One of the main reasons you hire a business broker to sell your business is because they have access to a large pool of potential buyers. The best business brokers spend years cultivating an internal list of qualified buyers. They are also familiar with all of the methods and resources available to cast the widest possible net when attracting buyer interest.
They Have a Proven Process
As boring as this may sound, having a clear and established process is essential to getting deals closed. Sophisticated business buyers ask a broker what their process is, and so should you.
The best business brokers will give a very clear, step-by-step description of how the process for selling your business will work. This will include how they vet prospective buyers, manage the due diligence process, and handle common obstacles that can delay or derail a deal.
It’s through this process that strict confidentiality is maintained. This is usually one of the initial questions every owner has for a business broker: How will the sale of my business be kept confidential? Unlike real estate, you can’t just stick a sign out front and advertise the address on a business listings service.
Business brokers have several ways of keeping business sales confidential, including:
- Careful wording, frequency, and visibility of information about the sale
- Qualifying prospective buyers using a disciplined, uniform process
- Requiring buyers to sign a confidentiality and non-disclosure agreement (NDA)
- Managing all communication between parties from beginning to end
TIP: The hallmark of the best business brokerage and M&A firms – regardless of size – is that they run a very tight process. And they almost never deviate from it.
They Have Excellent Negotiation & People Skills
Selling a business can be an emotionally charged event. It’s common knowledge that when both emotions and dollar signs are running high, the situation can quickly become volatile. Common cognitive biases, if not overcome, can turn into roadblocks. Business owners benefit from having a seasoned professional, with intimate knowledge of both the selling process and deal structure, acting as a buffer between themselves and the buyer.
The best business brokers are adept at keeping the conversation moving forward, especially during disagreements. M&A professionals are creative problem solvers who know how to negotiate the structure and terms of a transaction. They know what’s good for the seller is typically bad for the buyer, and vice versa. They acknowledge the highest priorities for each side while keeping their thumb on the scale in their client’s favor as much as possible.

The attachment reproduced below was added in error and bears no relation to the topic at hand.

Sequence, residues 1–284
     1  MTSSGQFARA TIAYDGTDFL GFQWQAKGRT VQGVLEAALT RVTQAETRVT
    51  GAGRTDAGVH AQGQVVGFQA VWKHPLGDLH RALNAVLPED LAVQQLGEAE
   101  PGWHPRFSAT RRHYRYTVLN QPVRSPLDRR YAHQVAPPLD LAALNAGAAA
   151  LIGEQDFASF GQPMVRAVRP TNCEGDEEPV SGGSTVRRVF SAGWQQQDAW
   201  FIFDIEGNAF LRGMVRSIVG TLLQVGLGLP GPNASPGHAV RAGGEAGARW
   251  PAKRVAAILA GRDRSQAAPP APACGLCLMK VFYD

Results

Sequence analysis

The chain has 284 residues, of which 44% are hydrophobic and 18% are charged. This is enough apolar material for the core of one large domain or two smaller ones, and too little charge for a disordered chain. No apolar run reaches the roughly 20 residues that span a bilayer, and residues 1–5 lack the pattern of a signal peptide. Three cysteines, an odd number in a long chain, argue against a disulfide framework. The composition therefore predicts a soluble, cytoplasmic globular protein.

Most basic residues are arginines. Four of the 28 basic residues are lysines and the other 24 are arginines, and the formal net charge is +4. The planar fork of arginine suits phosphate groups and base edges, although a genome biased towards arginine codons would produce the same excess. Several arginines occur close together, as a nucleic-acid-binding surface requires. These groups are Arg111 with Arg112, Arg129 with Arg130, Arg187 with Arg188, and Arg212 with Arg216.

Lastly, the best business brokers work hard to maintain the relationship between buyer and seller throughout the entire transaction. There is still plenty of work to be done post-sale. Ownership transition periods can take months, or even a year (depending on what the parties agree to). Good deals are based on good relationships, both of which need to last well beyond the closing date.
They Have a Sales & Marketing System
As a business owner, you may be extremely good at selling your business’ product or service. But chances are you are not good at selling a business – even your own.
The best business brokers know how to market businesses to the right types of buyers. The primary way they do this is through two marketing documents. The first is a one-page teaser (also called a blind profile). The teaser gives a minimal amount of non-identifying information about the business for sale and invites a prospective buyer to learn more.
After a buyer candidate has been qualified by the business broker and signed an NDA, the broker will provide a Confidential Information Memorandum (CIM). Also referred to as “the book,” the CIM offers a compelling narrative – supported by limited financial information – about the business for sale. A well-done CIM should provide a buyer with everything they need to know about whether or not they want to move forward.